Two years ago, in 2008, Pew reported that the Internet had overtaken newspapers as the primary source of campaign news in the United States, and that, for the first time, younger Americans sought national and international news as much from online sources as they did from television news outlets. Today, University of Maryland undergraduates not only rarely mention television and newspapers when discussing their news consumption during Media Literacy classes; they show no significant loyalty to a news program, news personality or even news platform.
A student wrote, "This technology craze has become so deeply ingrained in each of us we know no other way of living our lives, but to rely on our cell phones, laptops, televisions, and iPods to keep us occupied and connected with the world around us... "
Students may differ in their dependency on different devices and their appetite for different media, but an undeniable common denominator that came through in their comments, says the report, was their demand for and dependency on instant access to information, information so omnipresent that it has become the essential background to their lives.
The report summarizes three elements of the conclusion by separating suggested "takeaways" into a focus on academia, innovators and the media:
- For universities, the takeaway is that those who teach must have a basic comprehension of how students find, share and experience media so that students can be taught about the role of media in their lives.
- For developers of media technologies, the takeaway is that the most important thing to students is whatever latest technology can connect them the quickest to the people they most value.
- For journalists, the takeaway is that the readers and viewers of the future see them as both irrelevant and indispensable. Students don't care about newspapers or TV news broadcasts or even blogs, but covet the information that comes to them through a diverse and circuitous pathway of devices, platforms, applications and sites.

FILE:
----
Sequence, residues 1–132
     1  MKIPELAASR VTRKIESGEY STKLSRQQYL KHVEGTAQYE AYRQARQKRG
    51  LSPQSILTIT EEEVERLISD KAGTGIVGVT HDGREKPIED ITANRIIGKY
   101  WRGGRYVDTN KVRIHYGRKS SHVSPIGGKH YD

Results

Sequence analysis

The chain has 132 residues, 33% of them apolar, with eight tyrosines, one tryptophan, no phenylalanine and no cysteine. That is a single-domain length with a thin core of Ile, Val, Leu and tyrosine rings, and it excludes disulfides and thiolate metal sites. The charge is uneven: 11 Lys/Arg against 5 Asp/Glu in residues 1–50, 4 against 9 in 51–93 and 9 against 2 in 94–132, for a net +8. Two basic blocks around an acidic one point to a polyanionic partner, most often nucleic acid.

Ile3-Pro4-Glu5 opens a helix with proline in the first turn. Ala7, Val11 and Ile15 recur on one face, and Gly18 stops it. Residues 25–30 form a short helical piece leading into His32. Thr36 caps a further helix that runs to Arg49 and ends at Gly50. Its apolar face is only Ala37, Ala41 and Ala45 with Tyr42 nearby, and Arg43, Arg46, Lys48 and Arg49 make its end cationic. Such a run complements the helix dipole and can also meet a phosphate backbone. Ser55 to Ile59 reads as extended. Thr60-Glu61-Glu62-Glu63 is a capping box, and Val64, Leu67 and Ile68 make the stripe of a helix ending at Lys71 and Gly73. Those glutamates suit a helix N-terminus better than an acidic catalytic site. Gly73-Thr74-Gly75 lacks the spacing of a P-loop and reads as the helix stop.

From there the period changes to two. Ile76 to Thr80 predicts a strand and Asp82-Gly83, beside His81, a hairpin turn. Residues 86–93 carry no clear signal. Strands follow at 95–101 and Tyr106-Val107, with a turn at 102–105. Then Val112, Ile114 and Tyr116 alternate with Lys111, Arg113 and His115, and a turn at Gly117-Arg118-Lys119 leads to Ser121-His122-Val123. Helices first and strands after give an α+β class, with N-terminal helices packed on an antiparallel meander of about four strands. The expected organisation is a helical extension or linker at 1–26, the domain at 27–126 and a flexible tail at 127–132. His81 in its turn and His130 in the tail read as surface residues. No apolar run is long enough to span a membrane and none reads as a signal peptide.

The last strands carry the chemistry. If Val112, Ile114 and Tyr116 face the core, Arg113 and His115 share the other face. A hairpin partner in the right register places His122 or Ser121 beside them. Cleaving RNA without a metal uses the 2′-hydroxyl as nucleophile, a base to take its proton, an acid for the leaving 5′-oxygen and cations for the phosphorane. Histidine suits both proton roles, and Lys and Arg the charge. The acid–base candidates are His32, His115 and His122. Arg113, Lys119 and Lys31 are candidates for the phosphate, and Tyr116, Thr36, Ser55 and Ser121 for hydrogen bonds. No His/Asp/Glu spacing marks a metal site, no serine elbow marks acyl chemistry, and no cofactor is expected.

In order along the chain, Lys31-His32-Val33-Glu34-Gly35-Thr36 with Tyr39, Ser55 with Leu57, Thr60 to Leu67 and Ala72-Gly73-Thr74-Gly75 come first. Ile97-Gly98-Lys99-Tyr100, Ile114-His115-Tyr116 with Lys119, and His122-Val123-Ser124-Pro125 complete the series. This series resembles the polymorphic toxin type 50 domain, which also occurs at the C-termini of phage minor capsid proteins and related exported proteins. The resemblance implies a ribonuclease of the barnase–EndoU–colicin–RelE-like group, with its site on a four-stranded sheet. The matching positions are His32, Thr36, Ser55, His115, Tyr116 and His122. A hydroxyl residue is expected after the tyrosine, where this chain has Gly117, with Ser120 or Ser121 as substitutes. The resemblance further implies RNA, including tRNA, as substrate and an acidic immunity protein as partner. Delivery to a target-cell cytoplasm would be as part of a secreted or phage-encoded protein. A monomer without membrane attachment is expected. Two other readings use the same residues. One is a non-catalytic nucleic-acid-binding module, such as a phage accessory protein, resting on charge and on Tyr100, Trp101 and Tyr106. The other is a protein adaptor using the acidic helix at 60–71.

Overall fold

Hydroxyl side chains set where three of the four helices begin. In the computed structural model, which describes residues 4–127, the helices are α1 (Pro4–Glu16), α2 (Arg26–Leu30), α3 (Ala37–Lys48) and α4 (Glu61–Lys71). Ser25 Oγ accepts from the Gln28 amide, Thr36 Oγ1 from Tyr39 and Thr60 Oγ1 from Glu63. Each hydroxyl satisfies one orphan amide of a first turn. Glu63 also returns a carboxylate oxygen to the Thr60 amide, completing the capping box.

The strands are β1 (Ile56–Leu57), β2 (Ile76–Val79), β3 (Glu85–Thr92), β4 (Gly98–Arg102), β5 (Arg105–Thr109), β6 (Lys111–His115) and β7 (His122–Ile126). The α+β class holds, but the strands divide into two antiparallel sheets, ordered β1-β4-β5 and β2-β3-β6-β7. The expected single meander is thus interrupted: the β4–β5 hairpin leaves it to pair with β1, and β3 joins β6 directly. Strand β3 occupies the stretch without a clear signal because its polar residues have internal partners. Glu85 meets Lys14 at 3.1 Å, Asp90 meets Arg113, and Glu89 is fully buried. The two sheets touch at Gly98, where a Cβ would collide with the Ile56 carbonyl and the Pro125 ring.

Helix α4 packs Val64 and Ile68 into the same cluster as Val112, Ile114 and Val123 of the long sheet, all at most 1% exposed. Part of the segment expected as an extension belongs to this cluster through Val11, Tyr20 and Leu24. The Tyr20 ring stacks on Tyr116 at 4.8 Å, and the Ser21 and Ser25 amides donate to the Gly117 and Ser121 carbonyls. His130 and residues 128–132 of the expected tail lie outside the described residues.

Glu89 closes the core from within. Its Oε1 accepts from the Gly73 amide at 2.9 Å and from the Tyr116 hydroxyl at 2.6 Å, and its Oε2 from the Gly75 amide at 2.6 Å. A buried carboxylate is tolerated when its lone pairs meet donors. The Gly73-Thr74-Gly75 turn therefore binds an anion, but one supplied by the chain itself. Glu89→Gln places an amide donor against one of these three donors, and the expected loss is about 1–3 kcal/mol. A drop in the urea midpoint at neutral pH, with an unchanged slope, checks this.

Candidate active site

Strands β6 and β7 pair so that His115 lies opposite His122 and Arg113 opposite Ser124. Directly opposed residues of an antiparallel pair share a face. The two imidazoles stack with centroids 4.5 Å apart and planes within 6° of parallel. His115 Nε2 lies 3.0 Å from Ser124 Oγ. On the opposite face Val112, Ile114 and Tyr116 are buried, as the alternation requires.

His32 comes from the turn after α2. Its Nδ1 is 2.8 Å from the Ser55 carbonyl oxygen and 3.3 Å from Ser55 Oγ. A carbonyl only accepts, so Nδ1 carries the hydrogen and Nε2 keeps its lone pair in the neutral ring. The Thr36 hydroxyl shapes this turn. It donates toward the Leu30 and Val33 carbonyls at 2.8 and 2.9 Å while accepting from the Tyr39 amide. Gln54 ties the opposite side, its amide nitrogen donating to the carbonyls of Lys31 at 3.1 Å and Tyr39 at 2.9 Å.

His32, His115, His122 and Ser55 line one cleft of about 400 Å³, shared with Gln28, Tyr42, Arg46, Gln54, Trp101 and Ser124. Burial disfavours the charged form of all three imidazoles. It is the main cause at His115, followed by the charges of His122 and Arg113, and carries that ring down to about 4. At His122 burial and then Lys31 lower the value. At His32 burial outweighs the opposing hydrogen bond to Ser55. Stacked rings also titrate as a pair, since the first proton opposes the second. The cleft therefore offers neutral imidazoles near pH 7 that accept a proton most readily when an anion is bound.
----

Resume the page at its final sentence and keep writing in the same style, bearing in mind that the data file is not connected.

The participating class, JOUR 175: Media Literacy, that undertook this 24-hour media-free assignment, is a "core course" for the entire student body across all majors. It is a class of 200 students, characterized by a diversity of age, race, ethnicity, religion and nationality. The students self-identified themselves and claim their own demographic characteristics:
- 75.6% of the students in JOUR 175 self-identify as Caucasian/White, 9.4% as Black, 6.3% as Asian, 1.6% as Latino, 3.1% as Mixed Race and 3.9% as Other. Students who self-reported themselves as non-American, said they were from China, South Korea, Sri Lanka and Ethiopia. Women outnumbered men, 55.9% to 44.1%.
- 44.1% of the class said that their parents or guardians earned over $100,000 or more; 28.3% that their parents or guardians earned between $75-$100,000; 22% come from a household with an income between $50-75,000; and 5.5% said that their families' income was between $25-50,000.
- 40.9% were first-year students, 40.9% were sophomores, 11% were juniors, and 7.1% were seniors or beyond. Most students reported their ages as between 18-21; the average class age was 19.5.